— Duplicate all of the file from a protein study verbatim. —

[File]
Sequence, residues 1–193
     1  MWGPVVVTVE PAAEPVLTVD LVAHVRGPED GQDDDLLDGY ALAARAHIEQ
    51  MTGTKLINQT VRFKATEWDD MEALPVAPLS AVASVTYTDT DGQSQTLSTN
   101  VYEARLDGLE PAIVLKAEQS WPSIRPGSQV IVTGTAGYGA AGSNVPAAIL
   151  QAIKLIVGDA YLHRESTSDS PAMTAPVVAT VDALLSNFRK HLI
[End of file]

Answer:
Sequence, residues 1–193
     1  MWGPVVVTVE PAAEPVLTVD LVAHVRGPED GQDDDLLDGY ALAARAHIEQ
    51  MTGTKLINQT VRFKATEWDD MEALPVAPLS AVASVTYTDT DGQSQTLSTN
   101  VYEARLDGLE PAIVLKAEQS WPSIRPGSQV IVTGTAGYGA AGSNVPAAIL
   151  QAIKLIVGDA YLHRESTSDS PAMTAPVVAT VDALLSNFRK HLI